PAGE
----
Members of the Oldways team recently returned from one of our favorite events of the year: the Academy of Nutrition & Dietetics’ annual Food & Nutrition Conference & Expo (a.k.a. FNCE)!
This year’s conference was held in the cultural melting pot of Houston, TX, at the George R. Brown Convention Center, October 19-22. Oldways hosted one of 350 exhibitor booths, which included leading health food manufacturers, chefs, authors, and scientists who all shared the latest cutting edge nutritional information and products. We talked lots about beneﬁts of traditional foods and diets, ﬁttingly, over samples of diﬀerent hummus blends, tomato sauces, guacamoles, nuts, yogurt, wild blue berries, and dark chocolate.
We met hundreds of dietitians, full of ideas on how to help patients and communities ﬁnd better health through heritage by preserving and reviving delicious cultural traditions. As Americans better understand food as medicine, the scope of dietetics grows. Dietitians work in many diﬀerent venues, teaching, counseling, and advising not only in clinical oﬃces, but in classrooms, group residencies, neighborhood public outreach, food manufacturing companies, supermarkets, and more.
One special treat for the team was raﬄing oﬀ a handmade carrot-shaped tote bag from Russia! The lucky winner was Diana Reid from Washington. She is an MPH candidate at the University of Washington.
In addition to connecting at the convention center, a few very special events were on our agenda:
Oldways’ Vegan / Vegetarian Diet Pyramid Gala
We started oﬀ the weekend with the most sensational reception ~ introducing Oldways’ newly updated Vegetarian & Vegan Traditional Diet Pyramid! We enjoyed cocktails and vegetarian appetizers from around the world created by Chef Robert Del Grande. The mouthwatering hors d’oeuvres included vegetable spring rolls with a sweet tamarind dipping sauce; aromatic stuﬀed mushrooms; chilled Moroccan pumpkin soup “shooters” served in small tumbler glasses; and chickpea masala with crisp shallots.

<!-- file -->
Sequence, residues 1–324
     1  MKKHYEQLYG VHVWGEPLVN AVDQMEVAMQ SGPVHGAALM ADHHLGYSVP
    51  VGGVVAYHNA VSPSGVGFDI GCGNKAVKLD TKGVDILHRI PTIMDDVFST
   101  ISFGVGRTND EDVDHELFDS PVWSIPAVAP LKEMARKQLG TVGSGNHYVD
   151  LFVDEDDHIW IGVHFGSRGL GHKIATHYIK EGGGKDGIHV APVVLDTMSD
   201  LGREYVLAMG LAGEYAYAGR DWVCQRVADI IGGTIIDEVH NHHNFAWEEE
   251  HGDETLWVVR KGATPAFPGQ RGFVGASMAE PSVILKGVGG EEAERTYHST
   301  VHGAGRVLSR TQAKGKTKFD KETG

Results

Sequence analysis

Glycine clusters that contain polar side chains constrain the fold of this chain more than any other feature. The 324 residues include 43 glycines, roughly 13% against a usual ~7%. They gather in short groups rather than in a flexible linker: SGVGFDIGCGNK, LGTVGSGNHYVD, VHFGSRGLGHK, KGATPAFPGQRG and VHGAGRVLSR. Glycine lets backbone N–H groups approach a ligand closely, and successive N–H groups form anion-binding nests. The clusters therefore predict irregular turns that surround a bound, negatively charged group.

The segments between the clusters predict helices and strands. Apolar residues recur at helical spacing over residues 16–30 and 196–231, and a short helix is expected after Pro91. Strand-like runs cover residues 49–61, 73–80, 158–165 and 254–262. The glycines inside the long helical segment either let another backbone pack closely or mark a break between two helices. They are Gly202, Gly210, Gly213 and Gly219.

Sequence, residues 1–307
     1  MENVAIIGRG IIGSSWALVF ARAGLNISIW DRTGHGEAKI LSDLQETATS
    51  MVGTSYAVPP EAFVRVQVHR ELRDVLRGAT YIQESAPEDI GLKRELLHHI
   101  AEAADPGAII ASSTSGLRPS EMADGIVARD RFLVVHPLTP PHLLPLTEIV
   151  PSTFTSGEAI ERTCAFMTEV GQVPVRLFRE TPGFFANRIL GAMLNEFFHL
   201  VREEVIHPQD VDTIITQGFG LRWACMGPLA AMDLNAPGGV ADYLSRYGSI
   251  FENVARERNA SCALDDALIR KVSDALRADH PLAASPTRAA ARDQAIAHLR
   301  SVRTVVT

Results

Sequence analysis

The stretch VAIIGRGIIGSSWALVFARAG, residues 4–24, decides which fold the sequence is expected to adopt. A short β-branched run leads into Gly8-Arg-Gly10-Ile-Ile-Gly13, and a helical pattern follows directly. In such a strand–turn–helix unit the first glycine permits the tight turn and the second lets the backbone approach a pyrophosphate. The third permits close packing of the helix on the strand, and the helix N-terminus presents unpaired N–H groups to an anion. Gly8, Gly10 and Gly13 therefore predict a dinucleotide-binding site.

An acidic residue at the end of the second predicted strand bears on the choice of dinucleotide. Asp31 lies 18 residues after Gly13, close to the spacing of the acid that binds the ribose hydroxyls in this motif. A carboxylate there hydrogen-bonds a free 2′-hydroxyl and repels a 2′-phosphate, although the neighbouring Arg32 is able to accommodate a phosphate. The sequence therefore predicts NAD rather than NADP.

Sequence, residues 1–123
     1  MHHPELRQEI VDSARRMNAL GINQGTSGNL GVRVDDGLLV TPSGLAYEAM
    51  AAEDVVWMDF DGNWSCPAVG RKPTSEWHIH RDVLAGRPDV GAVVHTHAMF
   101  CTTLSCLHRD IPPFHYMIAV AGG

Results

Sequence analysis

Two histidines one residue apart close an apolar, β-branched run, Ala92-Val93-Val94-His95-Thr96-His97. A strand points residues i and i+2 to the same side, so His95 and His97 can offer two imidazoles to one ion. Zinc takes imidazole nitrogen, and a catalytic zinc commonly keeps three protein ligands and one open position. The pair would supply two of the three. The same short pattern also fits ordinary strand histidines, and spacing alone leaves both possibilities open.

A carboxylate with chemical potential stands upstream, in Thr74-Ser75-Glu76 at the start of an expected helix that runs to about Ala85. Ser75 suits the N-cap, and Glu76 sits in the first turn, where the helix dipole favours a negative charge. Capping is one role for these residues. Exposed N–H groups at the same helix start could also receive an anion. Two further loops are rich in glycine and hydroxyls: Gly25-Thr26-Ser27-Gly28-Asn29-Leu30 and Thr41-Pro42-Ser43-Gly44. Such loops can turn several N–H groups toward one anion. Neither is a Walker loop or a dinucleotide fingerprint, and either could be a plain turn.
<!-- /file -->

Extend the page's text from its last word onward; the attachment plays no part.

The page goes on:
The Veg Pyramid’s Scientiﬁc Committee Members Sharon Palmer, RD and author of The Plant Powered Diet, and Kathy McManus, RD and Nutrition Director at Brigham & Women’s Hospital, joined Oldways’ President Sara Baer-Sinnott in introductory speeches. A big hand to Georgia Orcutt, Program Manager of the Oldways Vegetarian Network, who lead the Oldways team in hosting this momentous event!
A Taste of African Heritage Premieres
Oldways’ national cooking program, A Taste of African Heritage, also had a Houston introduction – not with a party, but on National Public Radio’s Houston Matters Show! Oldways’ President Sara Baer-Sinnott, Program Manager Sarah Dwyer-McMackin, and local Taste of African Heritage teacher Danessa Bolling were all interviewed. *We’ll share a link to the taping on the Oldways website once it airs!
Ms. Bolling is a chemical dependency counselor in Houston, with a passion for improving health and a
NOBIDAN – the National Organization of Blacks in Dietetics and Nutrition, a membership group of the Academy of Dietetics and Nutrition – were huge supporters of Oldways’ African Heritage & Health Initiative. Program Manager, Sarah Dwyer-McMackin, spoke at NOBIDAN’s members’ reception, recruiting more dynamic dietitians to become A Taste of African Heritage cooking class teachers. African Heritage Advisory Committee member Tambra Raye-Stevenson gave an exceptional presentation about the importance of culturally competent nutrition education, including use of the African Heritage Diet Pyramid to communicate optimal diet, at NOBIDAN’s business meeting.
Supermarket RD Seminar & ONE Program
Barbara Ruhs, Stephanie Schultz, and Christina Miller presented a seminar about the growing ﬁeld of Supermarket Dietetics, moderated by Oldways
We ended our trip with an Oldways group dinner at Haven, Chef Randy Evan’s green-inspired restaurant that pools its ingredients from an organic garden on one side of the restaurant, a bee farm on the other, and sources most of the other ingredients locally – then oﬀering guests dishes that would shine in any state (not just the Lone Star State!)
“What the restaurant does not produce itself is meticulously sourced from Texas farmers, boatmen, ranchers and artisans so that its cheeses, meats, seafood, eggs and vegetables all have a claim to the state. The menu proudly lists more than a dozen Texas sources for its carefully selected purchases.
Haven’s menu is described as Modern Texas Cuisine but the key word there is neither Texas nor cuisine. Modern is what encapsulates the inspiration behind the myriad of dishes that seem to have an international representation. Chef Evans looked at Texas as it is today, and when he went about developing a menu to represent that, in came the rich ethnic contributions of the state’s Vietnamese, Mexican, Acadian, German, Czech and Polish communities.”
With a table-spread of grilled okra, ratatouille, tomato raisin chutney, nuoc nam, and cresta di gallo pasta, we all felt we’d had the best of all worlds.